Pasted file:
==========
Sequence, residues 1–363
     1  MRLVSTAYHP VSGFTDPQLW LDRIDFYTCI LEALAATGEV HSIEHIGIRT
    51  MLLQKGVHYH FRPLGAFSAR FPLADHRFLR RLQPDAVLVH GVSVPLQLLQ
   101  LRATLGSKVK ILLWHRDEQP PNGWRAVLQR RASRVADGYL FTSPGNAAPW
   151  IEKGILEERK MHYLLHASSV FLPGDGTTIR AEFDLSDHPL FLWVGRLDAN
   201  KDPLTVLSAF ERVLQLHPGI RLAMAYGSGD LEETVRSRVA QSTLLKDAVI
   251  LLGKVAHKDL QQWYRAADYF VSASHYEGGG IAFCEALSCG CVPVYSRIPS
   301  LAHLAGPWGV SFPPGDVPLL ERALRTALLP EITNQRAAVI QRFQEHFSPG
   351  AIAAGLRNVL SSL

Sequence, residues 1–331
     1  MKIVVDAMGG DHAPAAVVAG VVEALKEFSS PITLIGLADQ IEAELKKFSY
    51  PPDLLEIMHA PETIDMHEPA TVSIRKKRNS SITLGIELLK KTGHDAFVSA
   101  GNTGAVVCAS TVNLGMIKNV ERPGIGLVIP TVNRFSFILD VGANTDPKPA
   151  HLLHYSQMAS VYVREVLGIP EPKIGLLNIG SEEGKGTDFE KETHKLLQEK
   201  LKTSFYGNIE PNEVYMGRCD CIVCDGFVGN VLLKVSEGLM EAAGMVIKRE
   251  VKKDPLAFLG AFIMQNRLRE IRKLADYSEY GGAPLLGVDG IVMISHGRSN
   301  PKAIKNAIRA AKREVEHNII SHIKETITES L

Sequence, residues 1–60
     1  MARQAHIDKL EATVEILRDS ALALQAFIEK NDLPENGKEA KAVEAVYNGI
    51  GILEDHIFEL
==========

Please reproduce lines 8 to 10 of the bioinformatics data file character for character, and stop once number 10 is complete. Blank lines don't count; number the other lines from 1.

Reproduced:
   301  LAHLAGPWGV SFPPGDVPLL ERALRTALLP EITNQRAAVI QRFQEHFSPG
   351  AIAAGLRNVL SSL

Sequence, residues 1–331